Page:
One of the arts of Mixing it Up! is learning to spend less than five minutes with each person. This means you need to develop a graceful exit strategy. Remember how frightening it is for most people to be in a room filled with others they don’t know, and how easy it is to feel out of place when they’ve been left alone. It often feels as though there must be something wrong with us, or we’ve been rejected. Keep that in mind when you leave others to meet the next person.
You might simply say, “Oh, I just noticed Carl across the room, and I need to catch up with him. Will you please excuse me?”
My favorite exit is to turn to see someone I know close by and then introduce them to who I was talking with. This involves both parties and allows me move on to meet someone new.
If you’re not able to spot someone to introduce to the person when you’ve spent enough time with them, mention that by standing near the food, they will be more likely to meet someone they don’t know, because that is where the most traffic is throughout the evening.
If someone gets too comfortable talking with you, you run the risk that they will end up sticking to you like glue. Several years ago, I offered to drive a new member in Elite Leads to a mixer. Nancy was very nervous about attending the function. When we got there, I introduced her to several people, but every time I turned around, I literally bumped into her. After the fifth or sixth time, it became a bit irritating, because she actually stood directly behind me. No matter how many people I introduced her to, she kept clinging to me.
I finally realized that it wasn’t comfortable for her to walk up to someone and start a conversation. I led her to an area that was fairly private and asked if she had tried to meet anyone. Of course she said no. I asked what she thought might be the worst thing that could happen, and she said that maybe they wouldn’t want to talk to her.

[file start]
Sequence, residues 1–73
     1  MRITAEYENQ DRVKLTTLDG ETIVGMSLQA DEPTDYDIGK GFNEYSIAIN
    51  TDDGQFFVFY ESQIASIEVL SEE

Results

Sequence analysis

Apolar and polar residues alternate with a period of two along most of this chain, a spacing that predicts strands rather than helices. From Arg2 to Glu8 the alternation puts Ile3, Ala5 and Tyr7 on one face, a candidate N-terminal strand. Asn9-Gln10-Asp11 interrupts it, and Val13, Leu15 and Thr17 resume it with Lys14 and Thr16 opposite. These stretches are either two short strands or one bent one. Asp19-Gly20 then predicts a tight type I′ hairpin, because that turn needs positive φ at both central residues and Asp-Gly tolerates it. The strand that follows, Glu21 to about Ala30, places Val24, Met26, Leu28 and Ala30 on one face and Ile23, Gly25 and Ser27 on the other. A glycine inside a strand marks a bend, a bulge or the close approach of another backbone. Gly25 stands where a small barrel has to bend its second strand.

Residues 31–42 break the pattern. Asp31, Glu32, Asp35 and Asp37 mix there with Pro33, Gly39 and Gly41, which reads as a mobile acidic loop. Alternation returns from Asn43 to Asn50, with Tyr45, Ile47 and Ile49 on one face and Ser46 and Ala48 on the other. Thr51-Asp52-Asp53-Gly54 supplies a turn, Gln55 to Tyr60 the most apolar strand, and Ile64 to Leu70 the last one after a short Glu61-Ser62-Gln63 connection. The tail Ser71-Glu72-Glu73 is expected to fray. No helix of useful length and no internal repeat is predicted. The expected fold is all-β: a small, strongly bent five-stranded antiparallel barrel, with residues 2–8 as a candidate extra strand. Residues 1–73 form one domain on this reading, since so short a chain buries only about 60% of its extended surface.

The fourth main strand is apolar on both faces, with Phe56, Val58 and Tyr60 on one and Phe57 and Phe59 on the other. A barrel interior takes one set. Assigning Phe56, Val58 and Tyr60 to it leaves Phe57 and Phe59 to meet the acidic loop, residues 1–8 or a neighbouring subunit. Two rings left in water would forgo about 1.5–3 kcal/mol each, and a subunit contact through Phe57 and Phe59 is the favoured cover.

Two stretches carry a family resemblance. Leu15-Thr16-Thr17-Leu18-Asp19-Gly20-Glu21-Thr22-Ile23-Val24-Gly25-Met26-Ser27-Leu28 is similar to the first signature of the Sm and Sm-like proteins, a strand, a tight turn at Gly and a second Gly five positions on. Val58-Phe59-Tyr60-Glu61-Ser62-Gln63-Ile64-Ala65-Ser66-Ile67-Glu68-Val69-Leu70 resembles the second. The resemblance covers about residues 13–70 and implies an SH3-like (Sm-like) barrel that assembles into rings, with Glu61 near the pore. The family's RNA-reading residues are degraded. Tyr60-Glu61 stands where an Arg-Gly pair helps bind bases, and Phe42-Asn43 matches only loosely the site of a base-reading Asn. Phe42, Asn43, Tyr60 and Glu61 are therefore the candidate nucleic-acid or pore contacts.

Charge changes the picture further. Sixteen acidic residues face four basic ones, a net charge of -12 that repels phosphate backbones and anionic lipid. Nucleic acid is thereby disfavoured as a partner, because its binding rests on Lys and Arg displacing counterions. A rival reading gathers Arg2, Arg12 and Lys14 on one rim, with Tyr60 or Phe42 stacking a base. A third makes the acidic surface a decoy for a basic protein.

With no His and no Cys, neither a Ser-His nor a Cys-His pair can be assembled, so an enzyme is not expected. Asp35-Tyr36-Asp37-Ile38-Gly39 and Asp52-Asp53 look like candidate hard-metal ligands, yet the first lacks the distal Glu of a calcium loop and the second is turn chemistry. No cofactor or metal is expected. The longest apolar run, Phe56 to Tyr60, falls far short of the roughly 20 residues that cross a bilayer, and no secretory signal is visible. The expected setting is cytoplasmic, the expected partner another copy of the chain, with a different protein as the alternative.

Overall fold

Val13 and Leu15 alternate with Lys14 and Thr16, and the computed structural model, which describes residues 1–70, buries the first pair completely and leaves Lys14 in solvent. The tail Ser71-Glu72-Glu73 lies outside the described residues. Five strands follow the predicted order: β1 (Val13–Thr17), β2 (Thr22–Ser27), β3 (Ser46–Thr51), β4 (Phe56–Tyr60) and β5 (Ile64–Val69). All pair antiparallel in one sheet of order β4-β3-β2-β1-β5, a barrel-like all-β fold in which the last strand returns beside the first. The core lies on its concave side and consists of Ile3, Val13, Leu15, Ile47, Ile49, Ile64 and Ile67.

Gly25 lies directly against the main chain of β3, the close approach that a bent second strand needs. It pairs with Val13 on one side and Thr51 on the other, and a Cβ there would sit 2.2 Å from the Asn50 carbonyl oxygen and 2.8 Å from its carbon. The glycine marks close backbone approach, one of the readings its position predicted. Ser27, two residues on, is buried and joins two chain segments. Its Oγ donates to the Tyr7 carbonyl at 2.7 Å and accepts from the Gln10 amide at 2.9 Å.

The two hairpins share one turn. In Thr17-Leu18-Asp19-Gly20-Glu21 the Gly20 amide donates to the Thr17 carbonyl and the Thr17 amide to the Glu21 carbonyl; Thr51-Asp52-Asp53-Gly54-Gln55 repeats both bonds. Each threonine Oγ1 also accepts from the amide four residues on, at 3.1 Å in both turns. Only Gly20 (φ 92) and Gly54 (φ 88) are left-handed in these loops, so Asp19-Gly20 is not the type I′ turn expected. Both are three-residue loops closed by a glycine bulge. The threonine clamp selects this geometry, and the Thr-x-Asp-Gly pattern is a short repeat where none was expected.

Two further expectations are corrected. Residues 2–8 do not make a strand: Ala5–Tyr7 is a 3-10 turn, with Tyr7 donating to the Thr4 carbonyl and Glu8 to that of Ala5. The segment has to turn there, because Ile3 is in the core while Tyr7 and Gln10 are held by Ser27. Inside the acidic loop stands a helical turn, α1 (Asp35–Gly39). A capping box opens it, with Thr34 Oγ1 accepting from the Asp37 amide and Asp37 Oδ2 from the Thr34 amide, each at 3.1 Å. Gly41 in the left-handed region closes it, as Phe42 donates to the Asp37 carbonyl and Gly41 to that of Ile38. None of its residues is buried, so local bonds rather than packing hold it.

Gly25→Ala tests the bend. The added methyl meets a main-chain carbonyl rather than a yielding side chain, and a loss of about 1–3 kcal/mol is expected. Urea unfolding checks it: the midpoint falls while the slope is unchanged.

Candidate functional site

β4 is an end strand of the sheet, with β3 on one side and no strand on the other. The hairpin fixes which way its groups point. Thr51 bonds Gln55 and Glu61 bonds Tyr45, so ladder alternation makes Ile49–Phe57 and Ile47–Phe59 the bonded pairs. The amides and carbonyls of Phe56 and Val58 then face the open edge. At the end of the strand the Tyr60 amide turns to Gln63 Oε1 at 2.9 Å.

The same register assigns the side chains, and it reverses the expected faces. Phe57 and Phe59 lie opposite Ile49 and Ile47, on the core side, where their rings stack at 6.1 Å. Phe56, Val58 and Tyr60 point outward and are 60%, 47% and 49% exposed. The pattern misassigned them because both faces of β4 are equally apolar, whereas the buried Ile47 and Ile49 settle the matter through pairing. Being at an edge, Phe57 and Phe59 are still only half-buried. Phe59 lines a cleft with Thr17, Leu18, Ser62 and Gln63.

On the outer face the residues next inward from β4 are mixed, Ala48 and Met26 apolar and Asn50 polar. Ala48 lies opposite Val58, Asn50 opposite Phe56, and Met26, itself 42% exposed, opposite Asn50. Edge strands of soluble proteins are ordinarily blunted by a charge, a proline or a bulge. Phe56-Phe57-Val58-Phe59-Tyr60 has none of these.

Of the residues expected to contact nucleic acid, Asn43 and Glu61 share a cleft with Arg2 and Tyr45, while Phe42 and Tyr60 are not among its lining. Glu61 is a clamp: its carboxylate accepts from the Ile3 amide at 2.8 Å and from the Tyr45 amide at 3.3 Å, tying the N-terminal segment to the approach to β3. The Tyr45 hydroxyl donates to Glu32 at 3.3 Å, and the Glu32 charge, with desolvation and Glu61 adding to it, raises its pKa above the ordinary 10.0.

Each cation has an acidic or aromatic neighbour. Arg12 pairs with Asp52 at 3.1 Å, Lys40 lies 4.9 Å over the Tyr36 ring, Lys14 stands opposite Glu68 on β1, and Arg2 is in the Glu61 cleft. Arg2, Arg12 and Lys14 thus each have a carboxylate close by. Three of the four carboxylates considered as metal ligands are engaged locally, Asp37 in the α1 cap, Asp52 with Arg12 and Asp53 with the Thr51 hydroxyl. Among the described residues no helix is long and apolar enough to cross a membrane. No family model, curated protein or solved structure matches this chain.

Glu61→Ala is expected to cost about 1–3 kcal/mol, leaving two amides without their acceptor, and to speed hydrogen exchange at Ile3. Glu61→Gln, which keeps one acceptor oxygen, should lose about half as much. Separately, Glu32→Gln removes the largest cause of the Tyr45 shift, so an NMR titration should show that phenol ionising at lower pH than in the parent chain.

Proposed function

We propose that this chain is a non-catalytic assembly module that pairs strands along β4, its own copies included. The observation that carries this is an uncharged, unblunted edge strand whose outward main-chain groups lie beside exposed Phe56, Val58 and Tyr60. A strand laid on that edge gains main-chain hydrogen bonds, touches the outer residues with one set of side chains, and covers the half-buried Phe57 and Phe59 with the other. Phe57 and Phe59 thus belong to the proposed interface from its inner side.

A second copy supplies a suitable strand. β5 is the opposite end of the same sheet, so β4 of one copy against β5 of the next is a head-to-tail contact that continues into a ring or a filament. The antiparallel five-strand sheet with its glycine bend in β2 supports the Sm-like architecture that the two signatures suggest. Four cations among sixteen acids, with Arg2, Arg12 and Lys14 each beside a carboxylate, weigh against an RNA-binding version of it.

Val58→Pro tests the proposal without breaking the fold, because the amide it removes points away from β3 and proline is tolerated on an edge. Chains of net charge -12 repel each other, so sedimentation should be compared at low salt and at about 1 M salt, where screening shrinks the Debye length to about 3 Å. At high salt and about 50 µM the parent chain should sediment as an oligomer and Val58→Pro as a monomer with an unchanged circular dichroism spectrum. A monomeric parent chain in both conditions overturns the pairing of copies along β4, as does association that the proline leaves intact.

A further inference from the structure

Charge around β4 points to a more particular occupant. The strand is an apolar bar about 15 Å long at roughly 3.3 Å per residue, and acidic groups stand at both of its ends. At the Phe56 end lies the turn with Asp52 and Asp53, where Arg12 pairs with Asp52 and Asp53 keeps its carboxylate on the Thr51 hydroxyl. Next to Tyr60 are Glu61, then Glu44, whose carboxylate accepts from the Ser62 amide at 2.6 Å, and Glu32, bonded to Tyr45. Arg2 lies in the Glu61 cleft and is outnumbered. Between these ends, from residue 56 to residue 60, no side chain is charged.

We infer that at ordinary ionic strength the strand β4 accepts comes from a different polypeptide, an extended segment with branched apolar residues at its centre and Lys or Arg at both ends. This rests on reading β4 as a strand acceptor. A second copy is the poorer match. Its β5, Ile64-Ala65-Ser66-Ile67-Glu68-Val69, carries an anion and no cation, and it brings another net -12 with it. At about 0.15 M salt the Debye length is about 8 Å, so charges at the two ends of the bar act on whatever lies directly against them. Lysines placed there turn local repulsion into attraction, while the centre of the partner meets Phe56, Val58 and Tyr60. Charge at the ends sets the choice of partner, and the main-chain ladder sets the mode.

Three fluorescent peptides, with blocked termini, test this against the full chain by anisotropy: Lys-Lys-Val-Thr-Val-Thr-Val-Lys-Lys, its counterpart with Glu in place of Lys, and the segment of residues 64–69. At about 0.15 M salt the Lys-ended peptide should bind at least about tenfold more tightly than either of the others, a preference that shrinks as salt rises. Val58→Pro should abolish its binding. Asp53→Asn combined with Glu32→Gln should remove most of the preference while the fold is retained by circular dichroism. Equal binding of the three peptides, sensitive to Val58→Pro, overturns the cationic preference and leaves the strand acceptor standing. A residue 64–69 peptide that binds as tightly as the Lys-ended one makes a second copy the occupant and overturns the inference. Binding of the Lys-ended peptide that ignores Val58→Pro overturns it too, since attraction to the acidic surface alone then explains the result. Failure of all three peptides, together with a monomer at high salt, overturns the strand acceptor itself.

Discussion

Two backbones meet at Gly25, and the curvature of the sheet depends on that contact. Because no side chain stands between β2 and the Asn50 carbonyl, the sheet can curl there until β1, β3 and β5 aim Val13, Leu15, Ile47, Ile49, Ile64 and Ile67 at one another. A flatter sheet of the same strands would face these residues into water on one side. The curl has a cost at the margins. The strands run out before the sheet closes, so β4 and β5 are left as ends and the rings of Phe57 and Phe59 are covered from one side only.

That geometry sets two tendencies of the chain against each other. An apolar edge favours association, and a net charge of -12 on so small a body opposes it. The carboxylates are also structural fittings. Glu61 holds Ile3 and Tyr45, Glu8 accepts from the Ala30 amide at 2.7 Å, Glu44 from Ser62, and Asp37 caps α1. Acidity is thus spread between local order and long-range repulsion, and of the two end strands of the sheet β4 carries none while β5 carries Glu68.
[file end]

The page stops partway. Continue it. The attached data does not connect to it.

“On the outside chance that might happen, would you really want to know someone who wouldn’t want to talk with you?” I asked.
“No.” Nancy confirmed.
“On the other hand, if you don’t introduce yourself to someone and they’re potentially a Power Partner, you’d miss out on a great opportunity, wouldn’t you?”
“Sure,” she brightened.
“What if you could introduce them to someone that might end up leading to new business for them?”
Nancy smiled at the thought of being responsible for such a positive possibility.
So, one more time I walked Nancy over to someone I knew and introduced her. When we met up later she told me that she managed to meet several more contacts on her own. One was a potential Power Partner that she was particularly looking forward to getting to know better. She also mentioned that she was able to introduce a few people that she met earlier in the evening and it made her feel like she was contributing to their success.
Nancy was a quick study. Throughout the years I have seen her at various functions and she will typically have someone with her who has never been to a mixer. One time I jokingly told her that she should get a medal for helping so many people get comfortable with mixers. Nancy laughed and said, “I can’t believe how much I missed out on all those years before I knew how much fun this could be!”